Solar Analysis with Autodesk FormIt 360

I’m always looking out for new solutions for freeform digital design that can plug-in easily to Revit.  Sketchup is the gold standard for a schematic sketch modeling program that allows for lots of right-brained intuitive designing and swapping in different options on the fly.  It has its limitations though when forced to make the transition to more detailed drawings in a more precise Revit-type environment, although with some planning and thought, they can generally be accommodated.

Autodesk tried to purchase Sketchup a few years back from Google, who had done an excellent job expanding it from its early days as a startup killer app from a company called At Last, but when it was purchased by Trimble, they began work on their own sketch program that would have the advantage of tighter integration and better back-and-forth compatibility with Revit.  That program is FormIt.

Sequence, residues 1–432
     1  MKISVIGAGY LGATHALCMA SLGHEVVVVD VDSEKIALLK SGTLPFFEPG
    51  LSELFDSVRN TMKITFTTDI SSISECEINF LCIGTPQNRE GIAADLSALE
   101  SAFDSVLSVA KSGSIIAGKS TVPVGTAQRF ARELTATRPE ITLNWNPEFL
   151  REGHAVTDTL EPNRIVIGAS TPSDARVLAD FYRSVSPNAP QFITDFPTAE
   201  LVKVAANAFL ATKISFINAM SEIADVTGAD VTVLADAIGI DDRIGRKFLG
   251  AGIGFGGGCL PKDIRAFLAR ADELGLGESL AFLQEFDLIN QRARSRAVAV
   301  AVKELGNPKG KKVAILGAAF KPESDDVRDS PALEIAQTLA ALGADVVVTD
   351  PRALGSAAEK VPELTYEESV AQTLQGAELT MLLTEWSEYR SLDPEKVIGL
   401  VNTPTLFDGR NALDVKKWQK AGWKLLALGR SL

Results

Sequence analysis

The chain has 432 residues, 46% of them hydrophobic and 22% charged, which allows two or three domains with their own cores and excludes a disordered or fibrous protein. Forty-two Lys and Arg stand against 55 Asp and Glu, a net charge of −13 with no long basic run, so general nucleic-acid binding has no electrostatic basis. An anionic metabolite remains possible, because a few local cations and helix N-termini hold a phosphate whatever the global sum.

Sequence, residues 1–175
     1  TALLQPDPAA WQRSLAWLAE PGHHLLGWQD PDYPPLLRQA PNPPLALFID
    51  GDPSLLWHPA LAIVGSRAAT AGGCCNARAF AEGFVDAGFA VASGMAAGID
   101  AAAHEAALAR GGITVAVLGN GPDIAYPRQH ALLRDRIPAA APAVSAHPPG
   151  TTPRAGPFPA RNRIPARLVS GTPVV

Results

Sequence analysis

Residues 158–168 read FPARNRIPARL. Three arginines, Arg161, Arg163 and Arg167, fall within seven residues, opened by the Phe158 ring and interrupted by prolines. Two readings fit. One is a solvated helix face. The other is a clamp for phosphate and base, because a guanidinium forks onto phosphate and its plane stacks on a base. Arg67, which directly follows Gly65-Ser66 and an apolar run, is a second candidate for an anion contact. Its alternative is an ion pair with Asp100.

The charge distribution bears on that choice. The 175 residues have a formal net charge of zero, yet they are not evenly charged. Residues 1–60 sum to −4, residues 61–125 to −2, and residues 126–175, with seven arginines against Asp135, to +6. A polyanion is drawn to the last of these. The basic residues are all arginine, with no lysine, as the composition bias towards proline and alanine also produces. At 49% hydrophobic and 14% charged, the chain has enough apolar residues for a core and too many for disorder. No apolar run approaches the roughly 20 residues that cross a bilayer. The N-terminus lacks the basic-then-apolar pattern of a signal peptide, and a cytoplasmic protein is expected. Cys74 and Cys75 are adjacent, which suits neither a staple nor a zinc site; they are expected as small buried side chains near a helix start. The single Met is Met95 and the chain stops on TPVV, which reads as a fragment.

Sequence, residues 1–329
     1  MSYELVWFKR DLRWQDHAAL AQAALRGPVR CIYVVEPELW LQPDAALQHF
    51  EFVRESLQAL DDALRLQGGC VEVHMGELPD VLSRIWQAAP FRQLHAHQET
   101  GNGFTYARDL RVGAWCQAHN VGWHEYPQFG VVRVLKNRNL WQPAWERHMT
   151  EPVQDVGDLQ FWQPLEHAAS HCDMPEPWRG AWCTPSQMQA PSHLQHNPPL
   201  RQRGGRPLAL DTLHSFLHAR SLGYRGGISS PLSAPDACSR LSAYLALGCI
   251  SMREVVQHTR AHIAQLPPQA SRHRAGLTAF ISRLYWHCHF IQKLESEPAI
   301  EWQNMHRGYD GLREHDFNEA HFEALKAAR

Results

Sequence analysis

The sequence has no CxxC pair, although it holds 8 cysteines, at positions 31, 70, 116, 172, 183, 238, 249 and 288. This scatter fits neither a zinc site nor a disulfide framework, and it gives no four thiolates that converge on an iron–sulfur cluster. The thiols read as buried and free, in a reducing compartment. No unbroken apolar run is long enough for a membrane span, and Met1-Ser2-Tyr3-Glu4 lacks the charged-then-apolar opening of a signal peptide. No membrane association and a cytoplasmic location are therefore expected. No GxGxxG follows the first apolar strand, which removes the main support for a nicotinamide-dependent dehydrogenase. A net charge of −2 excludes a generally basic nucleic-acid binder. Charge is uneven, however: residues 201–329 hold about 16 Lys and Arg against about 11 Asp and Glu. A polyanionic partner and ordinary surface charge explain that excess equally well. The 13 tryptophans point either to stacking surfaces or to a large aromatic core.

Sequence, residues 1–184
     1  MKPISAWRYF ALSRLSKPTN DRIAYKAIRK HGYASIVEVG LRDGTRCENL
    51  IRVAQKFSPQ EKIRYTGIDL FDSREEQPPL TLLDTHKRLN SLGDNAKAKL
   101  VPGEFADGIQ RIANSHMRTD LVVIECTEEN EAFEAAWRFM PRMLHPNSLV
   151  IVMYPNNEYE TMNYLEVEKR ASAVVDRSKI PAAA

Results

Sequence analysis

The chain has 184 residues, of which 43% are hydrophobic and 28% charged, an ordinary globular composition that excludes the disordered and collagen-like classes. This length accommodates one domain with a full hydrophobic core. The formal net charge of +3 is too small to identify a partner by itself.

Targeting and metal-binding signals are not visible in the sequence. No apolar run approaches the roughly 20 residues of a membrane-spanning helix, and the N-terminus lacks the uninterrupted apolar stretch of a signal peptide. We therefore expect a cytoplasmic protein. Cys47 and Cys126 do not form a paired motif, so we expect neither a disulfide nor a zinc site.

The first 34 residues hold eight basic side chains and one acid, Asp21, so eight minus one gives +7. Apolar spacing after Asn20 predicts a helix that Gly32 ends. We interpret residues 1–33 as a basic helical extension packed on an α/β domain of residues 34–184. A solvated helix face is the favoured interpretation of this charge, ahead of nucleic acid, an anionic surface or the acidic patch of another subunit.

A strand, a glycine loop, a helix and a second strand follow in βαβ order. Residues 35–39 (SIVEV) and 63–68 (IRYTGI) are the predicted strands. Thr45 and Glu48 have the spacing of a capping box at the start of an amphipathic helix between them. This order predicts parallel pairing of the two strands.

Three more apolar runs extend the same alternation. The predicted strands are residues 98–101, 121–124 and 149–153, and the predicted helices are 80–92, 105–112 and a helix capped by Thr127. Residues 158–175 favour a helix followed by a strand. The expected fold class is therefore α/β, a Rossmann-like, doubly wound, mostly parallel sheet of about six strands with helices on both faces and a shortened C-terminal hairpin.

It’s got a lot of nifty drafting and modeling capability, some of which can feel more intuitive than even Sketchup at times.  Also, it features a lot more architect-oriented tools, such as a live updating FAR (floor-to-area ratio, often a crucial schematic number for zoning code purposes), and a built-in solar analysis tool.

I was playing around with the solar analysis tool when looking at a design recently as a quick way to identify exactly what angle would be the most beneficial for a roof looking to host solar panels.

Like Sketchup, it can quickly tie your project to a location and a satellite image, so I made sure the orientation was aligned.  Then, I laid out a series of square panels which I then rotated in 15-degree intervals until I had a full set.


I selected these panels and ran the analysis tool, which has two settings for a reading on any surface - monthly peak, which lets you set the month, and a yearly total.  The yearly total reads in kWh per area, which is perfect for plugging into a cost analysis spreadsheet for an energy model.

In know the Sefaira plug-in for Sketchup does this (and how), but it’s pricey, and the price point for Formit Pro is much more welcoming for small firms looking for a quick analysis in the early stages of design.